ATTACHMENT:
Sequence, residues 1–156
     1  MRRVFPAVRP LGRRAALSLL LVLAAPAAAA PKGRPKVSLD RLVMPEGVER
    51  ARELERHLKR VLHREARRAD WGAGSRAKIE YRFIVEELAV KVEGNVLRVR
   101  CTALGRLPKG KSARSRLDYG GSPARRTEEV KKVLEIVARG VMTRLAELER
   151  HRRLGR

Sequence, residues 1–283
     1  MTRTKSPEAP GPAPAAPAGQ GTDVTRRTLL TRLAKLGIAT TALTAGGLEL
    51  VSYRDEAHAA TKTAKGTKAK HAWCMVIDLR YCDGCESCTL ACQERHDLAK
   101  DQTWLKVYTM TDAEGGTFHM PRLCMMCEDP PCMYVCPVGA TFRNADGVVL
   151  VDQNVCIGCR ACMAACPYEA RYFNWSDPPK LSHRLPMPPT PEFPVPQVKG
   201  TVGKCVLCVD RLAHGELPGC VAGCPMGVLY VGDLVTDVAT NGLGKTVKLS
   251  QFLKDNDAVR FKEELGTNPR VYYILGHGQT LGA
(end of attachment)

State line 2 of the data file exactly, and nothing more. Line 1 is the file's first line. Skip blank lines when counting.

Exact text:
     1  MRRVFPAVRP LGRRAALSLL LVLAAPAAAA PKGRPKVSLD RLVMPEGVER